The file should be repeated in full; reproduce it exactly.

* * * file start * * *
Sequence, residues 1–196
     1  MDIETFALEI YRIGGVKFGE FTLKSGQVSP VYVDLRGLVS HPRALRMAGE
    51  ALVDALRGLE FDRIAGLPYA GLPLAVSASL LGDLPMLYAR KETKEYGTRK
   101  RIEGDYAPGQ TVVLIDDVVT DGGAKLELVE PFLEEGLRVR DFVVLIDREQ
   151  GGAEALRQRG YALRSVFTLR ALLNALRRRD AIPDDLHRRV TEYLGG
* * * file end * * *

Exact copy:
Sequence, residues 1–196
     1  MDIETFALEI YRIGGVKFGE FTLKSGQVSP VYVDLRGLVS HPRALRMAGE
    51  ALVDALRGLE FDRIAGLPYA GLPLAVSASL LGDLPMLYAR KETKEYGTRK
   101  RIEGDYAPGQ TVVLIDDVVT DGGAKLELVE PFLEEGLRVR DFVVLIDREQ
   151  GGAEALRQRG YALRSVFTLR ALLNALRRRD AIPDDLHRRV TEYLGG